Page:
The Barnhills, Deyermonds, and Bairds are well known for enterprise in Nova Scotia; and the same may be said of the Johnsons, Hunters, Teas, Dickeys, Fishers, McConnells, Moores, Downings, O'Briens, Hamiltons, and Fultons. It takes thirty pages to recount the doings of the three Creelmans. The Hon. Samuel Creelman holds the most prominent position of any member of this extensive and honorable family.

New Brunswick has her share of our race. Col. John Murray settled in St. John, N. B., and built a magnificent residence on Prince William Street. One of his daughters married the Hon. Daniel Bliss, who was Chief-justice and Executive Counselor of the province. His daughter Hannah was mother of the Hon. Samuel Allen Willmot, at one time Governor of New Brunswick. Another daughter married the Hon. Joshua Upham, Judge of the Supreme Court. A daughter of Judge Upham was married to the Hon. John W. Weldon, and her son, Rev. Charles Wentworth Upham, was pastor of the First Church, Salem, Mass., and is the author of the well-known biography of Sir Henry Vane.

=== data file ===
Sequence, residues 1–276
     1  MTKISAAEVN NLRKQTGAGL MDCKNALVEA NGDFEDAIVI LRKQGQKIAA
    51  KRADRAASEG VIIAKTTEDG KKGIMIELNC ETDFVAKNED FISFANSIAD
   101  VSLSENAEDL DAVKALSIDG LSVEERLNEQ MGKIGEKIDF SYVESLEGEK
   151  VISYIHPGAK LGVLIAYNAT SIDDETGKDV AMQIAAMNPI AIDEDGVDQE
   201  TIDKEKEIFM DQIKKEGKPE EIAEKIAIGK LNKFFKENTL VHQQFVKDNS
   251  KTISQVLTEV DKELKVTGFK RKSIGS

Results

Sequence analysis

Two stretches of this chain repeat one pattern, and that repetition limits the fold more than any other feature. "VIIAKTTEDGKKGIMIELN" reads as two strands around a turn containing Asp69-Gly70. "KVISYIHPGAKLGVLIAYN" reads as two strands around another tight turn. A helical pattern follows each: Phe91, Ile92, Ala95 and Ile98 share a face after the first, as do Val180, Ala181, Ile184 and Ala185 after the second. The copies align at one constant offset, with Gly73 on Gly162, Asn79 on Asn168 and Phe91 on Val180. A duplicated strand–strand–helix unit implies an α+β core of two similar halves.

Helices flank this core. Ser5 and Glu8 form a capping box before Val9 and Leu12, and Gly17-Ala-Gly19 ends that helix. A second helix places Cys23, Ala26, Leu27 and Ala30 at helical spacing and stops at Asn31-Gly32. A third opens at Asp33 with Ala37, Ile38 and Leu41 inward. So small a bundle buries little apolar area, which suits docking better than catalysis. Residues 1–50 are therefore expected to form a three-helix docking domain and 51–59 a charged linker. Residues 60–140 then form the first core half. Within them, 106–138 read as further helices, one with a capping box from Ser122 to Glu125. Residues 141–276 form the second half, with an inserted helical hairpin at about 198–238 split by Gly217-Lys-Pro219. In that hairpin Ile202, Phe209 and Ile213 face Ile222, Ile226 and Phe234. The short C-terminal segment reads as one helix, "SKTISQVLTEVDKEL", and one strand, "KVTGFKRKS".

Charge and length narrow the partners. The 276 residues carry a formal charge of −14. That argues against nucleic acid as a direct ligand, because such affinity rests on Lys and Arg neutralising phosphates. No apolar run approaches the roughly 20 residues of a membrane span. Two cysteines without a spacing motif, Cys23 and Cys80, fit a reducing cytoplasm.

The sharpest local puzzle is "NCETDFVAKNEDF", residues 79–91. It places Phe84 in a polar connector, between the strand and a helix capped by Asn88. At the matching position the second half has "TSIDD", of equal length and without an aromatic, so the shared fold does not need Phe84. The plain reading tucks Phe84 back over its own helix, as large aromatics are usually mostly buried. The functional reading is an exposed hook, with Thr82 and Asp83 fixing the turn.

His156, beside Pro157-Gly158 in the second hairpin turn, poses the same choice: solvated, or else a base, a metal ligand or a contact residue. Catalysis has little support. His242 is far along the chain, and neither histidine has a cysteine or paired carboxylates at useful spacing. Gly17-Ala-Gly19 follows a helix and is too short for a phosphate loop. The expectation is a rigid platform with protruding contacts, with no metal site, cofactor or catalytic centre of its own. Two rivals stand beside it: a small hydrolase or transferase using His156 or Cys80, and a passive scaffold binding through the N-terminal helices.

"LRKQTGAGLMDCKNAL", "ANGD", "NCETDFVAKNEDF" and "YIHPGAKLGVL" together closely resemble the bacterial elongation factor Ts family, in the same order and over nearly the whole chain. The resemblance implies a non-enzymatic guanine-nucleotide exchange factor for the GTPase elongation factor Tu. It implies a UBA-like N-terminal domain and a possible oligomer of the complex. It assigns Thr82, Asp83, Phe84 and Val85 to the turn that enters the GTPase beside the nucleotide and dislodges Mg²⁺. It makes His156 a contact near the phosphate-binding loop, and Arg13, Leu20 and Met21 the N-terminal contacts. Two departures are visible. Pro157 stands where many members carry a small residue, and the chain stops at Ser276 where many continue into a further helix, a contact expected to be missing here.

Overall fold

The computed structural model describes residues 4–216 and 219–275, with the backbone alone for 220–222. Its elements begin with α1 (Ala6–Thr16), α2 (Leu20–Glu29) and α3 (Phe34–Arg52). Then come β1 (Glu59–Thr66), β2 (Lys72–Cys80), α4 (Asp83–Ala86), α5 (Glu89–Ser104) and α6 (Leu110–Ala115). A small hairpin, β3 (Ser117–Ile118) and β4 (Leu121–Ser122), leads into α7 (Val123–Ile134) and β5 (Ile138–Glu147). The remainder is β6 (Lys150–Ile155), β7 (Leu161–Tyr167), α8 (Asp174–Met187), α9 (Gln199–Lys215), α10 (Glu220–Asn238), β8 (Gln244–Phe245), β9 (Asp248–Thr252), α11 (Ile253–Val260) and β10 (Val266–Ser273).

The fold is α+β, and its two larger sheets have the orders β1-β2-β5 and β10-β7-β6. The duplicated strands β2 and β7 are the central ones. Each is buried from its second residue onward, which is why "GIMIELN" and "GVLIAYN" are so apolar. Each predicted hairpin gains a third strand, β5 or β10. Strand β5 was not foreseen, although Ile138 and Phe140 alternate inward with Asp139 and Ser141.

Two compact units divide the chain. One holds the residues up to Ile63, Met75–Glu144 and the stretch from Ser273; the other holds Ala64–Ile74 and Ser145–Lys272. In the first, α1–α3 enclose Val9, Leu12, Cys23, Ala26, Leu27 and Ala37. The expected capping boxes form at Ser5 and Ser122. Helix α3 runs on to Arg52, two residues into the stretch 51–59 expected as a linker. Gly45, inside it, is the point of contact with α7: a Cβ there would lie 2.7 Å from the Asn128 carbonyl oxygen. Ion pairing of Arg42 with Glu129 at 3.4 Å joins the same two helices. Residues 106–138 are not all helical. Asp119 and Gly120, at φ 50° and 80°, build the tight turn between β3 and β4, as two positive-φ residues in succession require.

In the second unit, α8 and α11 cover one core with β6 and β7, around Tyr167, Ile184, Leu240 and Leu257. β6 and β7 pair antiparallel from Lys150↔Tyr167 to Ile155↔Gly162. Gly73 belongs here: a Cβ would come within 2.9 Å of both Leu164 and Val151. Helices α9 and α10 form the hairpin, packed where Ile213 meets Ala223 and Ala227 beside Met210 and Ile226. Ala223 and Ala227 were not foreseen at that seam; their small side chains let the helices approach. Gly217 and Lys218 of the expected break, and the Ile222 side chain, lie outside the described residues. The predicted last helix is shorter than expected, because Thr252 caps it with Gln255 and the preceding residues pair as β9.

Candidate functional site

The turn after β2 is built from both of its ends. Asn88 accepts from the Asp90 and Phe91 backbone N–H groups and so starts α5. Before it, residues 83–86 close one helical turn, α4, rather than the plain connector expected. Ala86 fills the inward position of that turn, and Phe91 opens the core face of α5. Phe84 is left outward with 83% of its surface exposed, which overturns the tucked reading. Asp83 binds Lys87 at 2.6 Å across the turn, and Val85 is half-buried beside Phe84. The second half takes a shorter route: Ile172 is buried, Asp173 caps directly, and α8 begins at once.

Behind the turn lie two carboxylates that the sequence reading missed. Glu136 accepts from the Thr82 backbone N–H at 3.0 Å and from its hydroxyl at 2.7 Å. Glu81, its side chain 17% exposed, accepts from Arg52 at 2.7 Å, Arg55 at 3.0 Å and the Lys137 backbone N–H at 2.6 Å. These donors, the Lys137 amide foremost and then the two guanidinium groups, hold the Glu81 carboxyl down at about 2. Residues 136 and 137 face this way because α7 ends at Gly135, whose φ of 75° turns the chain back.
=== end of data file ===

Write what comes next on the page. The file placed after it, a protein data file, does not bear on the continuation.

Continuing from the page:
William Parks and Son is a firm well known in New Brunswick. William Parks, the founder of this firm, was born in Ireland in 1800, and settled in New Brunswick in 1822. He was a banker and a railway man, but he is best known as a manufacturer. Before confederation, all the cotton yarn was imported. The firm of Parks and Son set to work with the enterprise of the Scotch-Irish race to manufacture and produce cotton yarn for Canada. The success of this manufacture has been remarkable. Now, little or none is imported into Canada, and fully three-fourths of the whole output for Canada comes from this firm. Their works cover a large portion of ground. Several hundred persons are employed by the firm, and it has a high reputation not only in New Brunswick, but in all Canada.